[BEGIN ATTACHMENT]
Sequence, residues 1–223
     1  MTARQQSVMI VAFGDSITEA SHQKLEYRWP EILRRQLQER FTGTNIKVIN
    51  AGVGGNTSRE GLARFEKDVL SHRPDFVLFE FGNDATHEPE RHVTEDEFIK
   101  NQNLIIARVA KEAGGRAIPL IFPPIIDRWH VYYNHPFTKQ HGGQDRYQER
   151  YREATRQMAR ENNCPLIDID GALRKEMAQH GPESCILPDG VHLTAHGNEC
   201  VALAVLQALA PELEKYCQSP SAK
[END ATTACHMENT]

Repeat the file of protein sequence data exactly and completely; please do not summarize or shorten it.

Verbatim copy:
Sequence, residues 1–223
     1  MTARQQSVMI VAFGDSITEA SHQKLEYRWP EILRRQLQER FTGTNIKVIN
    51  AGVGGNTSRE GLARFEKDVL SHRPDFVLFE FGNDATHEPE RHVTEDEFIK
   101  NQNLIIARVA KEAGGRAIPL IFPPIIDRWH VYYNHPFTKQ HGGQDRYQER
   151  YREATRQMAR ENNCPLIDID GALRKEMAQH GPESCILPDG VHLTAHGNEC
   201  VALAVLQALA PELEKYCQSP SAK